They are the middle-aged, who, after great sacrifice have schooled their children, served their communities, and are now being slammed with bank foreclosures.

They are the elderly, for whom superannuation now means little or nothing.

They are often leaderless, but consensual and practical. They, rather than hidden controllers, write the placards for themselves; which they raise above their heads to proclaim their hurt and anger to their representatives who do not represent. And to their country. And to a world which, on the instant, sees, for example, police forces at the behest of their political masters being mobilized to suppress this grassroots uprising. They see sections of the media who, no less than the police, serve the moguls and political managers by sensationalizing and misreporting.

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The Occupy movement: They are fed up in India, too

The United States and India are going through similar upheavals, writes Thomas L. Friedman. Democratically elected governments in both countries are so beholden to special interests they can no longer deliver reform. Therefore, they both need shock therapy from outside.

By Thomas L. Friedman

Syndicated columnist, New York Times

GOA, India — The world’s two biggest democracies, India and the United States, are going through remarkably similar bouts of introspection. Both countries are witnessing grass-roots movements against corruption and excess. The difference is that Indians are protesting what is illegal — a system requiring bribes at every level of governance to get anything done. And Americans are protesting what is legal — a system of Supreme Court-sanctioned bribery in the form of campaign donations that have enabled the financial-services industry to effectively buy the U.S. Congress, and both political parties, and thereby resist curbs on risk-taking.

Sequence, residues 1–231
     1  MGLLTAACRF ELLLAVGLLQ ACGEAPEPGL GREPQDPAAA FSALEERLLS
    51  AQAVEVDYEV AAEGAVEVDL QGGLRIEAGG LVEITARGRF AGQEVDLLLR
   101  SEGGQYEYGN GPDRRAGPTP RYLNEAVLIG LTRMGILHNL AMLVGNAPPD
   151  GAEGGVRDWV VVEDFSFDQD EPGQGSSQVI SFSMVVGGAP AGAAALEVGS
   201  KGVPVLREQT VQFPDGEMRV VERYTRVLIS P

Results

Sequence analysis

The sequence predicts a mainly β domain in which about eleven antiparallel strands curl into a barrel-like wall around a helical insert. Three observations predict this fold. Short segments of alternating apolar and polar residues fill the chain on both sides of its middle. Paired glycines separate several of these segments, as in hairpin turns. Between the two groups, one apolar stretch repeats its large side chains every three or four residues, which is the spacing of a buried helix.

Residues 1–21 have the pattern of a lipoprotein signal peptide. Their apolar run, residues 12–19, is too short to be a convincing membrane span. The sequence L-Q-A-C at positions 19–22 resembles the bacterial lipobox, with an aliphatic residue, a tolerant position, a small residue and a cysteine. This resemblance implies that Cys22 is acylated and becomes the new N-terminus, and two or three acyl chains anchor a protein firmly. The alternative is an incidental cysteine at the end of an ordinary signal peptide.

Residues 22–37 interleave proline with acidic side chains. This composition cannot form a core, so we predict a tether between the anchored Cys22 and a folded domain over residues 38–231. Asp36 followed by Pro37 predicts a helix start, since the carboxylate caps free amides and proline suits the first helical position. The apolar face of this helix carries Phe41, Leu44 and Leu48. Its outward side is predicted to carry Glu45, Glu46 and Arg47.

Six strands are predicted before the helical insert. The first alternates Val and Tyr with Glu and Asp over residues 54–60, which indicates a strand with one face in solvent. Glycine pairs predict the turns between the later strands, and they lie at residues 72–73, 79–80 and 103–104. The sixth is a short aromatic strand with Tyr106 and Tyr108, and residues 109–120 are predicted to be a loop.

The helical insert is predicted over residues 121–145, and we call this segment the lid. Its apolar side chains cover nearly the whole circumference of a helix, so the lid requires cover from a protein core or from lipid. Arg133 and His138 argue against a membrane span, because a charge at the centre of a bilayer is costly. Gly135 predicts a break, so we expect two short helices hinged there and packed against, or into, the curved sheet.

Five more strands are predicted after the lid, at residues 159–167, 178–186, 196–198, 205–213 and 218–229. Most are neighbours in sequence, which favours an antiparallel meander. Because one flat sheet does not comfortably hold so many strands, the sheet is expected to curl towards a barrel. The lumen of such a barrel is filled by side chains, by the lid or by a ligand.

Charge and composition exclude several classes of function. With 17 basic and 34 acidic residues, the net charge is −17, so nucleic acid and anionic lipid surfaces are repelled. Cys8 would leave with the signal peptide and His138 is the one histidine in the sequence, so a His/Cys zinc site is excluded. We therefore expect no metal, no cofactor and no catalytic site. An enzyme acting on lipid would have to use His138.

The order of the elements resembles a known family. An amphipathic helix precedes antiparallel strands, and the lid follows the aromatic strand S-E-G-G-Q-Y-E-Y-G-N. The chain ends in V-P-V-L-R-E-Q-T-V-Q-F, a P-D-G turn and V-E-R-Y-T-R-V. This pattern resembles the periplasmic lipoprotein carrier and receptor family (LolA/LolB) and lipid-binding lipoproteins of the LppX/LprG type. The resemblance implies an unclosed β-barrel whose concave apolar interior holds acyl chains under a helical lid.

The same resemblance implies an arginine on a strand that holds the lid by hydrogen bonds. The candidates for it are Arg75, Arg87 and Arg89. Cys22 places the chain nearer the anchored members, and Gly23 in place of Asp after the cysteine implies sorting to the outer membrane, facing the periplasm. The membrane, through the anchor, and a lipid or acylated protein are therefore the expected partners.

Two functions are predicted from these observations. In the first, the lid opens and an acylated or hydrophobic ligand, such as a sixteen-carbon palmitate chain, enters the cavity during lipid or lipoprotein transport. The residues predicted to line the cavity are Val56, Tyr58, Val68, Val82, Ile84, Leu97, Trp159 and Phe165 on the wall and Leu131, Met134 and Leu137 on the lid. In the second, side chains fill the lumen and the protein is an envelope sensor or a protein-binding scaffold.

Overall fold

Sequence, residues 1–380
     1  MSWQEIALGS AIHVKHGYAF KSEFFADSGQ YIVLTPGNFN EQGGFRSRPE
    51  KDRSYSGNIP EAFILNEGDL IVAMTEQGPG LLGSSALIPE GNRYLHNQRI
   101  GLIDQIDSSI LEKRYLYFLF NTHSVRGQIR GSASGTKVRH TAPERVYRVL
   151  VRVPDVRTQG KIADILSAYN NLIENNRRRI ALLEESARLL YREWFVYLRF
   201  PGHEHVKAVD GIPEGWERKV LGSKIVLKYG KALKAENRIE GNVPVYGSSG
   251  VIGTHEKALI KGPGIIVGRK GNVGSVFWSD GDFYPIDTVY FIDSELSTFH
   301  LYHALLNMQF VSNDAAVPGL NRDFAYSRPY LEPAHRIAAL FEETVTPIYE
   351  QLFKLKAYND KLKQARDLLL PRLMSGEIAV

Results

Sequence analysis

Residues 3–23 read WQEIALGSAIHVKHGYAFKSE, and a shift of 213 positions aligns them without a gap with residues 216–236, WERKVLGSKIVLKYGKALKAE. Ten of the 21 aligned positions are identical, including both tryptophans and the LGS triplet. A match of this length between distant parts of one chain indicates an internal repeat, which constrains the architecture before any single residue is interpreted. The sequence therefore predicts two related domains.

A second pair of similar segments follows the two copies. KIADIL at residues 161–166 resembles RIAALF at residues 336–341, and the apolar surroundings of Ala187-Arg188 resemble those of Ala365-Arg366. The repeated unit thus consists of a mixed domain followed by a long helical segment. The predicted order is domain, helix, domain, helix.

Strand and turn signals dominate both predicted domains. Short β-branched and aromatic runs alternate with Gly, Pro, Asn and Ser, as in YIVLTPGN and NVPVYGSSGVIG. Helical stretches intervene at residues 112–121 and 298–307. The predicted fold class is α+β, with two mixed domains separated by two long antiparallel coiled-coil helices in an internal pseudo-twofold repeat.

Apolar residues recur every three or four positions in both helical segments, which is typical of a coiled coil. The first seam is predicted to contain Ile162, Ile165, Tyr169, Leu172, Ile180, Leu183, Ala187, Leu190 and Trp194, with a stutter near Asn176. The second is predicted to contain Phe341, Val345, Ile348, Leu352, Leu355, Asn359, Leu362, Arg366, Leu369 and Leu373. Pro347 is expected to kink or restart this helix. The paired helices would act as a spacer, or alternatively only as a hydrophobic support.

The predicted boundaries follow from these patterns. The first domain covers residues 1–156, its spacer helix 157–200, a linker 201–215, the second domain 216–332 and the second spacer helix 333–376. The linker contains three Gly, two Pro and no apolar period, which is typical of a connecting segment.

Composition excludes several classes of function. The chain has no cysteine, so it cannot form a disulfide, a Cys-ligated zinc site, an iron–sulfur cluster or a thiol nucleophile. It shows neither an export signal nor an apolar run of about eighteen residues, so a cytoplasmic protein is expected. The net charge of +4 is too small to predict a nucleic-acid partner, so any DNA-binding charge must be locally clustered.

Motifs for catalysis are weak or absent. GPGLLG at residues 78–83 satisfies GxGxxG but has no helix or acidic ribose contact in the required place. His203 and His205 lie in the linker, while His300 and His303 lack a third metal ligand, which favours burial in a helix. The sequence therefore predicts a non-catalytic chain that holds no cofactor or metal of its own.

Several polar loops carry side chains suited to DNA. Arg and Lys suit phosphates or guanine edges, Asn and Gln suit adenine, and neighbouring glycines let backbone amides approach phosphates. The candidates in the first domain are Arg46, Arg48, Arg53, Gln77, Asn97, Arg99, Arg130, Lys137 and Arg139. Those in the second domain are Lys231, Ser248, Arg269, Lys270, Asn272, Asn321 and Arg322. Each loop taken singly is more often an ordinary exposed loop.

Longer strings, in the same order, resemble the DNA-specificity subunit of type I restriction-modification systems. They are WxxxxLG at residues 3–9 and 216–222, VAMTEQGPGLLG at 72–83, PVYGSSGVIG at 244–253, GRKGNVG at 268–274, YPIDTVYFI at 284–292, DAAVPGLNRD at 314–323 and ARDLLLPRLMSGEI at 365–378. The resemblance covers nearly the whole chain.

But the similarities do not stop there. What has brought millions of Indians into the streets to support the India Against Corruption movement and what seems to have triggered not only the Occupy Wall Street movement but also initiatives like Americanselect.org — a centrist group planning to use the Internet to nominate an independent presidential candidate — is a sense that both countries have democratically elected governments that are so beholden to special interests that they can no longer deliver reform. Therefore, they both need shock therapy from outside.

The big difference is that, in America, the Occupy Wall Street movement has no leader and no consensus demand. And while it enjoys a lot of passive support, its activist base is small.

India Against Corruption has millions of followers and a charismatic leader, the social activist Anna Hazare, who went on a hunger strike until the Indian Parliament agreed to create an independent ombudsman with the staff and powers to investigate and prosecute corruption at every level of Indian governance and to do so in this next session of Parliament. A furious debate is now raging here over how to ensure that such an ombudsman doesn’t turn into an Indian “Big Brother,” but some new ombudsman position appears likely to be created.